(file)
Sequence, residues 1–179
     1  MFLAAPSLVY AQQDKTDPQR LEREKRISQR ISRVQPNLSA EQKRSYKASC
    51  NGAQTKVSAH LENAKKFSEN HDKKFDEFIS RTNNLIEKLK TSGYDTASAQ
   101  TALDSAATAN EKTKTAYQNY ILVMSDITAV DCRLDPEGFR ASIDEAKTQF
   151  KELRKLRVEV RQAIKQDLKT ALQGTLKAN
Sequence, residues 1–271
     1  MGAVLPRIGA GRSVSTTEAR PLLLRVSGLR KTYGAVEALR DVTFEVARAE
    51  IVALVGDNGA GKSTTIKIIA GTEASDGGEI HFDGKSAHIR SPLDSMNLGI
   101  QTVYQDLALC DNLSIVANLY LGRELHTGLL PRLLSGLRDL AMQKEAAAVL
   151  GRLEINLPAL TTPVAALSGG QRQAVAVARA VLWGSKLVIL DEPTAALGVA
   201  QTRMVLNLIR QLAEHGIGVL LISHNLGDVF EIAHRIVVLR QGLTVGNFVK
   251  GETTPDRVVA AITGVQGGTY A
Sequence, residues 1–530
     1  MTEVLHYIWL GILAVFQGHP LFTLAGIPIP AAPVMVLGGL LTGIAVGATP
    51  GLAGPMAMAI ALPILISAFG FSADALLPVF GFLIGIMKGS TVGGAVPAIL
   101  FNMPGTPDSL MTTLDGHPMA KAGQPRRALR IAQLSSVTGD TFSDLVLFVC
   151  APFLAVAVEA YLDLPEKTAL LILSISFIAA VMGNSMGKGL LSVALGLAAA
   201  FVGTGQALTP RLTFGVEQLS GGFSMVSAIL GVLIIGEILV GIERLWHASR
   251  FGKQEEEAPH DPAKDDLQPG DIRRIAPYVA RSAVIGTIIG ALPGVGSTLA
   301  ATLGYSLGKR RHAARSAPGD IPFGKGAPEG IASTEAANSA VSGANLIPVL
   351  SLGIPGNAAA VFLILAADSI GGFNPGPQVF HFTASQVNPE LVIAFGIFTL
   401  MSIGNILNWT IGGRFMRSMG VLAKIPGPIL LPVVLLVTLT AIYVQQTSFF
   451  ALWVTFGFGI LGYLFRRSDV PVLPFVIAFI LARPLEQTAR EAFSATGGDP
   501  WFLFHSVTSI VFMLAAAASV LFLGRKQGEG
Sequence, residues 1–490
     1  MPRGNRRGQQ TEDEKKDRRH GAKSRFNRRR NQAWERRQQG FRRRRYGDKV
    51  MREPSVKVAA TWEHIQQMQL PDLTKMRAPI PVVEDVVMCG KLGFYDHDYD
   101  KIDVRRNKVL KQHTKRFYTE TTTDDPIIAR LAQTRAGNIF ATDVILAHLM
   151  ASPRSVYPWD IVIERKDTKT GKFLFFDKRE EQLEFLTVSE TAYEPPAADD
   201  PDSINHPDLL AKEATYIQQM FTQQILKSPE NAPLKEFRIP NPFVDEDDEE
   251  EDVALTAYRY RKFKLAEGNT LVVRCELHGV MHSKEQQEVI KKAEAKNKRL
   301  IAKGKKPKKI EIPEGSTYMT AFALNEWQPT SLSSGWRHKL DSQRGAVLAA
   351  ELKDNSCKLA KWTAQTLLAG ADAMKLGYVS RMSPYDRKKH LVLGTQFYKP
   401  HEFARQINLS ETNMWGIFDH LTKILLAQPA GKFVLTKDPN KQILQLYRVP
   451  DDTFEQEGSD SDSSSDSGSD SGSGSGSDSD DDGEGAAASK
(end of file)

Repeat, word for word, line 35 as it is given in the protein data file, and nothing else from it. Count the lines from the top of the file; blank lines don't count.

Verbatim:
   451  DDTFEQEGSD SDSSSDSGSD SGSGSGSDSD DDGEGAAASK